Max Fisher at The Washington Post ran a blog post last week featuring a world map of “racial tolerance” based on data from the World Values Survey (WVS), and it didn’t take long before the collective peer review power of Tufts University and Reddit found at least two examples of “fat fingers” where a “no, I don’t mind living next to other races” was mistakenly swapped with a “yes, I’m totally racist when it comes to choosing neighbors” for Bangladesh and Hong Kong, thanks to mistranslation and poor survey design. Others have pointed out the inherent flaw in assuming that the construct of “race” is universal and that news organizations’ need to feed the content beast creates a game of telephone where complex data is oversimplified and misinterpreted without real scrutiny.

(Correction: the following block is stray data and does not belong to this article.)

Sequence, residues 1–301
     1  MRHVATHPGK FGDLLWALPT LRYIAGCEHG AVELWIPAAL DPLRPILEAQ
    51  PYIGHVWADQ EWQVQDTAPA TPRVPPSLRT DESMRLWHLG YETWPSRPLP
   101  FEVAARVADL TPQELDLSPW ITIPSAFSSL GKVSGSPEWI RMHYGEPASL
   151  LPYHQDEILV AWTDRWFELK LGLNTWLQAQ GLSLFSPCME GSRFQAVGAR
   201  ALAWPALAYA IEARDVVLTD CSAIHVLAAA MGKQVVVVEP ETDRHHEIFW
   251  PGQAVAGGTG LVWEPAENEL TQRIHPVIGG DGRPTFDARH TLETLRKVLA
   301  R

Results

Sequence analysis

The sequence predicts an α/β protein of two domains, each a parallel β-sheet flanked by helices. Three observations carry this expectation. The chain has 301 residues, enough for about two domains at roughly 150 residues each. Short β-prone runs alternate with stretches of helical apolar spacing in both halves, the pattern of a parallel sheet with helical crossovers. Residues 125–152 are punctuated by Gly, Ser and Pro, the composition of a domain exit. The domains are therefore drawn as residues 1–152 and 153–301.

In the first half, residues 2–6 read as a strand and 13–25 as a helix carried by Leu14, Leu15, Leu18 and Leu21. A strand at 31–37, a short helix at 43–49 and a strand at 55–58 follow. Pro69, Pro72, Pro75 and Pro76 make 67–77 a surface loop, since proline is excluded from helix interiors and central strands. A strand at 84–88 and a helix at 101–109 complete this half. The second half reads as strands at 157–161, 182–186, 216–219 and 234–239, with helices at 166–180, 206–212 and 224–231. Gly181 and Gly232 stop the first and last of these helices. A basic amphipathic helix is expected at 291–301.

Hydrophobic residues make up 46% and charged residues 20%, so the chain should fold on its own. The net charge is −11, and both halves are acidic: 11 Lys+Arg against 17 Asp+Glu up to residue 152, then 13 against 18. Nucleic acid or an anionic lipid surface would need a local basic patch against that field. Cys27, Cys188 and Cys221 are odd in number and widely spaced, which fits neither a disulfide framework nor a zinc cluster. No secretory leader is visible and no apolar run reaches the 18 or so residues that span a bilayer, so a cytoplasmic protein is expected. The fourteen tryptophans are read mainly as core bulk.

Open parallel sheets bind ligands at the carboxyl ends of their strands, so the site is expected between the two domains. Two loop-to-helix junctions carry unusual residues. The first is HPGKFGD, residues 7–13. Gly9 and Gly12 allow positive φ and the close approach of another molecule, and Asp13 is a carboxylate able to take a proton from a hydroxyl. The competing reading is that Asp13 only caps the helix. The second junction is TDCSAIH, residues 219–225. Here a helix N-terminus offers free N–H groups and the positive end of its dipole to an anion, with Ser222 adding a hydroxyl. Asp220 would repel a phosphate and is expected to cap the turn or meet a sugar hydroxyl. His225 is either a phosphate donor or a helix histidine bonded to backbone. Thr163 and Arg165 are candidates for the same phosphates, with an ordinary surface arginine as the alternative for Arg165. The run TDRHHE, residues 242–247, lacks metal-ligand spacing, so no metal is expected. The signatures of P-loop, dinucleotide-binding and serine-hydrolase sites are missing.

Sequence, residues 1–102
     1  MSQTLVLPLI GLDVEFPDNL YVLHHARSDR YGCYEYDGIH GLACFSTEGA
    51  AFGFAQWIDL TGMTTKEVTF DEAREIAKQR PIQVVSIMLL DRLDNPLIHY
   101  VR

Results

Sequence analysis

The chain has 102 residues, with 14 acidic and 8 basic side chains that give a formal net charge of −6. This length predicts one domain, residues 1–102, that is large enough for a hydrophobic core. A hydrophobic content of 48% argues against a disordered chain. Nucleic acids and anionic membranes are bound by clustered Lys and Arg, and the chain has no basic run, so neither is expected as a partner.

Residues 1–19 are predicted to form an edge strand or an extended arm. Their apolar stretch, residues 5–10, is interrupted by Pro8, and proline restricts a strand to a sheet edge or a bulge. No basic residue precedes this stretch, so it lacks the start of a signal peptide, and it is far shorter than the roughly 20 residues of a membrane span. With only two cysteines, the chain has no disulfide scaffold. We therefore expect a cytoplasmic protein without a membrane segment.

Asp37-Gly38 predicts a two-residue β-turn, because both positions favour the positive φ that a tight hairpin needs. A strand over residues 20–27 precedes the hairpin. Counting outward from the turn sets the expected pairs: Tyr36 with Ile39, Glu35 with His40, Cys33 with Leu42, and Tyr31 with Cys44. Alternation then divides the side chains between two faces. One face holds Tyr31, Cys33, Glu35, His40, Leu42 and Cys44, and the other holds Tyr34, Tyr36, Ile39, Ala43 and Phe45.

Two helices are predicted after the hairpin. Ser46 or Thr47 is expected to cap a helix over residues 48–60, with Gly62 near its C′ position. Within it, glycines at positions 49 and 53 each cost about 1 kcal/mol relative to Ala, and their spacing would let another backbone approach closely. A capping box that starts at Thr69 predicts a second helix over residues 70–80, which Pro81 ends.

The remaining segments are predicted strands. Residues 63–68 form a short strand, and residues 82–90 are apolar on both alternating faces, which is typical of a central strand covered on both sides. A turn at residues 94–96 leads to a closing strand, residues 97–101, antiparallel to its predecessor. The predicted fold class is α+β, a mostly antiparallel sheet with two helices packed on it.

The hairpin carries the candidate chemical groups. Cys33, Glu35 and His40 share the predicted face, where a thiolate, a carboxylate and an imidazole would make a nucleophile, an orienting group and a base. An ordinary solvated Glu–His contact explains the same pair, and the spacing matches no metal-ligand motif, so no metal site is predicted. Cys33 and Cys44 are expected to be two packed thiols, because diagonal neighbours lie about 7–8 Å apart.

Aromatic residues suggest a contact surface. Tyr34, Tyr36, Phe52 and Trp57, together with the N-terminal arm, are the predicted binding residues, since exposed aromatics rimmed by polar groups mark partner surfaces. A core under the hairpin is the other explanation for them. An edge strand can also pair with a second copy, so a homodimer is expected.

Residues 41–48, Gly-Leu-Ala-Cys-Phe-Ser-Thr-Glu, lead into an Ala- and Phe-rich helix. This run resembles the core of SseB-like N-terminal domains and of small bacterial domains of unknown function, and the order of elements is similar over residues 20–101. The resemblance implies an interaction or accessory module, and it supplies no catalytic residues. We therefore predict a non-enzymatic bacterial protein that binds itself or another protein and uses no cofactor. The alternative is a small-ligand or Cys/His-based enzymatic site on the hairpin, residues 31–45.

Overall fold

I first encountered the WVS last year in my coursework on International Librarianship, where Geert Hofstede’s book Cultures and Organizations: Software of the Mind was used as a primary text and it served as solid jumping-off point for discussion. Hofstede is the granddaddy of cross-cultural studies quants, building a cross-cultural theory and corporate consulting brand out of data he developed as head of HR for IBM Europe in the 1960s, the same time Robert McNamara was using IBM mainframes to plot effective firebombing raids of Japan. Those were the salad days for punchcards. Like the WVS, Hofstede has survey datasets from dozens of countries over decades from which he and others glean tantalizing correlations (which so easily slip towards causation) between conceptual frameworks that “emerge” from the data (individualism vs. collectivism, for example) and GDP, economic growth, war, etc. At first, the book was fascinating as an American living in China - “wow, this validates so many things I anecdotally observe with hard data!” By the end of the book, however, I was completely disenthralled. The assumptions, generalizations, and seeming contradictions piled up in a doomed effort to render “national culture,” if such a thing is quantifiable, legible (yes, I’m finally reading Scott’s Seeing Like a State), looking like nothing more than the psychologist and sociologist equivalent to the old hack joke “White people drive like this, but black people drive like that!” Unless you’re a committed professional like Michael Harris Bond (who developed the original Chinese Values Survey) who will spend years wrestling with the data and appreciating its limitations, you’re better off watching Russell Peters.
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